The 2014 midterm elections will be remembered as a bloodbath for the Democratic Party, but there were a few significant gains for workers in some unlikely places. There were a handful of minimum wage bills up for vote across the country, and voters overwhelmingly approved of all of them, sending a message to Congress that people are struggling and that the federal minimum wage of $7.25 per hour simply isn’t cutting it any more.
These states — Alaska, Arkansas, Nebraska and South Dakota — all passed voter-backed initiatives, as opposed to executive actions handed down from on high. The gains the workers in these states are going to see over the next few years aren’t necessarily the biggest, but it’s some much-needed ground that they are making up. For comparison, Arkansas is raising its minimum wage to $8.50 per hour, while the city of San Francisco passed a $15 per hour minimum wage, tying it with Seattle for the nation’s highest. Those are drastically different places by every stretch, but being able to see how much disparity there is across the nation is important.
Of course, there’s likely to be some backlash following these new laws’ implementation. Jobs could be lost as a result, but local economies will likely improve a bit as workers have more money to spend and can lessen their dependence on public resources. The long-term effects won’t be known for some time, but if these states end up like the many others around the country that have higher minimum wage laws than what the federal government dictates, nothing too draconian or disastrous is likely to happen.
To get a more detailed report from each state, we’ve put together a series of infographics portraying the meaty data for each of the four states that passed increases. The data are cited from an NBC News report regarding the election results. To get to bottom of those results, read on to see each state individually.
Way up in the Great White North, Alaskans quietly voted to give their lowest earners a fairly dramatic bump of $2 more per hour. Sixty-nine percent of Alaskans voted in favor of a bill bumping the state’s minimum wage from $7.75 per hour to $9.75 per hour in January 2016. It’s estimated that 46,000 workers will see a raise as a result.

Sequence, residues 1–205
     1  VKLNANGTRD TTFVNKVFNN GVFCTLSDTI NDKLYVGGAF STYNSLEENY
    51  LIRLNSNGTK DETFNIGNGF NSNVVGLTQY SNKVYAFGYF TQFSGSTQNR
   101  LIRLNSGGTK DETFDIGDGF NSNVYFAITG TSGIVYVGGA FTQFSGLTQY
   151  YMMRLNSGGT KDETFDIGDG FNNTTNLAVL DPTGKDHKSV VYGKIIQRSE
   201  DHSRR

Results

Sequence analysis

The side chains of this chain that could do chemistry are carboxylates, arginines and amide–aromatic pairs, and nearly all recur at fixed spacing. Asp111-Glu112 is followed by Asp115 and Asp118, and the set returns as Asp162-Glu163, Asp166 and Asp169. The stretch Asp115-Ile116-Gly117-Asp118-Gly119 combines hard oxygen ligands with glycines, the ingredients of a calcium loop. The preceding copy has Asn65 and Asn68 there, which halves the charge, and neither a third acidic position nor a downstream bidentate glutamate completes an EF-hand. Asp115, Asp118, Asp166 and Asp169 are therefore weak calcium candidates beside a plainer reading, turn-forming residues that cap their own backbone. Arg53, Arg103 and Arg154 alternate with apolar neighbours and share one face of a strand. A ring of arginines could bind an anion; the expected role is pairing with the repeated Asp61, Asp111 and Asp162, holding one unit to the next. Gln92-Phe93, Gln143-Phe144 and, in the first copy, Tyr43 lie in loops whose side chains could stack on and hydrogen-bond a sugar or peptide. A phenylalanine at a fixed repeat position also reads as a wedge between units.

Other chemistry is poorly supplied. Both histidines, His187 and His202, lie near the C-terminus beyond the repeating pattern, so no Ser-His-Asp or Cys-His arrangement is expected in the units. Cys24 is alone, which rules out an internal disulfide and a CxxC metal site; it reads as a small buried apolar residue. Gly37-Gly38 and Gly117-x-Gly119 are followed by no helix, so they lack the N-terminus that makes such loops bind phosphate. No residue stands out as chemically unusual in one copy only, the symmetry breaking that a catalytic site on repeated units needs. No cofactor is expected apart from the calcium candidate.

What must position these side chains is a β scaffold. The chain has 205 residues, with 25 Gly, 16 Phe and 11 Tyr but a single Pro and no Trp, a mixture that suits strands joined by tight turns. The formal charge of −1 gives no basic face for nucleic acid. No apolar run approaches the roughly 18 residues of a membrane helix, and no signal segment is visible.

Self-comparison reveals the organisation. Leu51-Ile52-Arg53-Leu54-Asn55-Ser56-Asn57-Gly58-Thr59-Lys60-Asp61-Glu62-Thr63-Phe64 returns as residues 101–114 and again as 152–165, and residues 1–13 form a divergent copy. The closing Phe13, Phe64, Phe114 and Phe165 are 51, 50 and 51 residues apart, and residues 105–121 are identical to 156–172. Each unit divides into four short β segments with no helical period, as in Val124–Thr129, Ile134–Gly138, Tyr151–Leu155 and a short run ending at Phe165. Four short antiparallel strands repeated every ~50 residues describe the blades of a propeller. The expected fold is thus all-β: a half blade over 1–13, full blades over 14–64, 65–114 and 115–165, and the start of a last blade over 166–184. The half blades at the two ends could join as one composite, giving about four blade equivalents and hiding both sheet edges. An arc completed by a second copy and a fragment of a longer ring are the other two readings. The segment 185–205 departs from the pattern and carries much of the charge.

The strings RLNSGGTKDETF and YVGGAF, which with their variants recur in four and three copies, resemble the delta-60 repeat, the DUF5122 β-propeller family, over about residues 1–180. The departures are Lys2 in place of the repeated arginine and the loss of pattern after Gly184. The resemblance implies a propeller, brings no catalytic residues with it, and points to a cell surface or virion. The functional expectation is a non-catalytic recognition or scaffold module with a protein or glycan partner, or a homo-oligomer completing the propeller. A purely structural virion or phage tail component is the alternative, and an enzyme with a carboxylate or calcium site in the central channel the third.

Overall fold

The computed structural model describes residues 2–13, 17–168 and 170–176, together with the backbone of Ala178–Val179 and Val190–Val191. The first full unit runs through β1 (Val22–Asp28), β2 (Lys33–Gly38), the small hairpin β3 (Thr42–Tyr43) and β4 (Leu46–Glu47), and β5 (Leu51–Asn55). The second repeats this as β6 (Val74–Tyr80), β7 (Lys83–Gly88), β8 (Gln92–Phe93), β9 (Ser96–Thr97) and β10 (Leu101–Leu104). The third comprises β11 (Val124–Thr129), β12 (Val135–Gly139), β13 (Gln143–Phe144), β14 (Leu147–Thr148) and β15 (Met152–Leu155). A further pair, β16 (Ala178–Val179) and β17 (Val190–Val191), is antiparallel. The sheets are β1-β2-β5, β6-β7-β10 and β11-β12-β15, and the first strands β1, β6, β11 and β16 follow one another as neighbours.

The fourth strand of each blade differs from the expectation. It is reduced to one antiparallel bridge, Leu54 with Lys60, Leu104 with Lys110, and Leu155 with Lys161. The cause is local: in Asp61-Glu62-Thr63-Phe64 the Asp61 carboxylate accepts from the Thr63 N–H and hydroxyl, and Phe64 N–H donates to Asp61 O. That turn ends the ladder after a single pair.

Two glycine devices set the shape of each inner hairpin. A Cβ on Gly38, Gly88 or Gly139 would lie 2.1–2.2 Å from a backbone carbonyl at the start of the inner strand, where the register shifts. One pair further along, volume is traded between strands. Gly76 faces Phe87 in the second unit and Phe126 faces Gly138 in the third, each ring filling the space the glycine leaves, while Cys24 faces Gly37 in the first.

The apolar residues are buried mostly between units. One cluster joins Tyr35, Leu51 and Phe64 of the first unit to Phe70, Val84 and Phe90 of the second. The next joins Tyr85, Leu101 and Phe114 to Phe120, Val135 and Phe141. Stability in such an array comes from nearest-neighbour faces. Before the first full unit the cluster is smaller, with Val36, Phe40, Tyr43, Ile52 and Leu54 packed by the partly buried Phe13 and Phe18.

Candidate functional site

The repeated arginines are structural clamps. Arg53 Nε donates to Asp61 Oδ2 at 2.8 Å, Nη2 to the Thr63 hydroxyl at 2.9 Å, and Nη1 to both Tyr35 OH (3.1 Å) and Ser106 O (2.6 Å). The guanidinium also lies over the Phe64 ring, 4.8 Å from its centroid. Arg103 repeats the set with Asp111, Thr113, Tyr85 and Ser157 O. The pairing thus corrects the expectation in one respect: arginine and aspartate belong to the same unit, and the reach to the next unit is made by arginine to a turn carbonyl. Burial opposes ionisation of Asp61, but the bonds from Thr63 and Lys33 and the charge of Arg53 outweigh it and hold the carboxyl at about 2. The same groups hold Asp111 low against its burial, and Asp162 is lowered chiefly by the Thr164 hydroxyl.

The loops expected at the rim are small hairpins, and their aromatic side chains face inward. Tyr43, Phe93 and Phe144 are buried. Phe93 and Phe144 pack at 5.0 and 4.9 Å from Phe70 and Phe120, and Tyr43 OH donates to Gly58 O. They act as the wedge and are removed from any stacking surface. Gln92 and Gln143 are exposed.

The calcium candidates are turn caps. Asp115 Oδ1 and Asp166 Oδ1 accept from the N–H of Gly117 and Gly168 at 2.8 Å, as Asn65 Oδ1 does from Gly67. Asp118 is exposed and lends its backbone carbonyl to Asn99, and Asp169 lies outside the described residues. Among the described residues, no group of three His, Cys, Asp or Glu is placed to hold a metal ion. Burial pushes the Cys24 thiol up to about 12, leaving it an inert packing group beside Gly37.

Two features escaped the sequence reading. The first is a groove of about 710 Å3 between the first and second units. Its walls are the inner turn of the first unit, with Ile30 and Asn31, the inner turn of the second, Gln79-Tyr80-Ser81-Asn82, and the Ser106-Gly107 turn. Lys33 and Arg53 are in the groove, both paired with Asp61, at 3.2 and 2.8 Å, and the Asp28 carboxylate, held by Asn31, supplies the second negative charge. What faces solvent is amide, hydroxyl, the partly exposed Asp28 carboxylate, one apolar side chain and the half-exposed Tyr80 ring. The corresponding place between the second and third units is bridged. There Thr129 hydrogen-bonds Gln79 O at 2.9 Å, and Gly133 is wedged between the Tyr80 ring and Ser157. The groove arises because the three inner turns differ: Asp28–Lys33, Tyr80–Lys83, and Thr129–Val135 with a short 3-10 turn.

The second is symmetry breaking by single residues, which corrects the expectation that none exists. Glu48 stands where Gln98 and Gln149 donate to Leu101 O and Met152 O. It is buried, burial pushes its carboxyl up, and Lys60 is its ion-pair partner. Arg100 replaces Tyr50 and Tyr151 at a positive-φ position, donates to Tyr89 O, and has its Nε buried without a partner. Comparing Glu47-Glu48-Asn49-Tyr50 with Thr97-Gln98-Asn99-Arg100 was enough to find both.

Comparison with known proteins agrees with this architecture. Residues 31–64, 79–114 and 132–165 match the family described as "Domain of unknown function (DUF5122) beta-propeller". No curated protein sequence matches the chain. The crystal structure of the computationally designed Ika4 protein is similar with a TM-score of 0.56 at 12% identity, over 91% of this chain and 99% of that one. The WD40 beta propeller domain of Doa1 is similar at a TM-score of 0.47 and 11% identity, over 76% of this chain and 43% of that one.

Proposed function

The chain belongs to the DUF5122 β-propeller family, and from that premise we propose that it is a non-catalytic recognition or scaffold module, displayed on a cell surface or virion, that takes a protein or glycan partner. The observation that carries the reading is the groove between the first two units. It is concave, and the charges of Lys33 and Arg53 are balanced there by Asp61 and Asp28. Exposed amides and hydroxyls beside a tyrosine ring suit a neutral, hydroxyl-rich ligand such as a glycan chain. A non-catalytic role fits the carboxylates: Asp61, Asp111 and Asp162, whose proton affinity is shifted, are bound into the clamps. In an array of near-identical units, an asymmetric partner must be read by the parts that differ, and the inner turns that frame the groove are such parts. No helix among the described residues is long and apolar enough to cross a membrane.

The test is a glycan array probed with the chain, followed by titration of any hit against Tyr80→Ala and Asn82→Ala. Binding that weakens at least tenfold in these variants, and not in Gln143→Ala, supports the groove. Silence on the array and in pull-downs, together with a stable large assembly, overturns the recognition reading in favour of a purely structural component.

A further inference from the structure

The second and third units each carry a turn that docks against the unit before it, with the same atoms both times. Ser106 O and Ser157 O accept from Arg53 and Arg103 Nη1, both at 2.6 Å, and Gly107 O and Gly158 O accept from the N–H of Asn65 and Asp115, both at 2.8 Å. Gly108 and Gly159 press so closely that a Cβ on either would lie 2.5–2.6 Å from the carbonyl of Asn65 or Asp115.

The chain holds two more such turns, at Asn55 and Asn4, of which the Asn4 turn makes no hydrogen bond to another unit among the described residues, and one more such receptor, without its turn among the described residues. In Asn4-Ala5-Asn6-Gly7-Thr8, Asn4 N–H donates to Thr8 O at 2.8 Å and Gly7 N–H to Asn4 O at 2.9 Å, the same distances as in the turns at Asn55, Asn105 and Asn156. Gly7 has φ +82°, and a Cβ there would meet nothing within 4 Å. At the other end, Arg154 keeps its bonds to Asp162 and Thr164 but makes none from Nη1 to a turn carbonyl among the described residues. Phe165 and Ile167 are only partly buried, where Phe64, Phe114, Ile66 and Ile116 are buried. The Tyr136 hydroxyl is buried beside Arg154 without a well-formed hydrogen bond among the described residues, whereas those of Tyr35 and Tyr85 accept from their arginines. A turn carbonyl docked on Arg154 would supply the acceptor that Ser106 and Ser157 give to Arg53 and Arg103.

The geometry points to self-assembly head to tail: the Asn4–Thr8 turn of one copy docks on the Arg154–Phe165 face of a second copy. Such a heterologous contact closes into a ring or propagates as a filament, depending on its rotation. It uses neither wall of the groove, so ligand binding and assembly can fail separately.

Arkansas workers are getting a much-needed raise following the 65%-35% passing of their own state minimum wage increase. It’s expected that 168,000 workers will get a raise as a result. Currently, the minimum wage on the state’s books is below the federal minimum, sitting at $6.25 per hour. With the increase, workers can expect a bump to $7.50 by January, and then two more increases until the wage hits $8.50 in January 2017.
3. South Dakota
By a vote of 55% to 45%, South Dakota residents approved an increase in the state’s minimum wage from the federal level of $7.25 per hour to $8.50 per hour, effective at the beginning of 2015. Sixty-two thousand workers will be effected in what was the slimmest margin of victory for any minimum wage law during the midterm elections. Still, a 10-point victory isn’t even all that slim.
The fine folks of Nebraska came out in support of giving their lowest earners a raise, voting 59% to 41% in favor of raising the state’s minimum wage to $9 per hour by January 2016. Currently, Nebraskan employers are required to pay the federal minimum wage of $7.25, so an increase of $1.75 per hour is fairly significant. One hundred and forty-three thousand Nebraska-based workers have reason to jump for joy.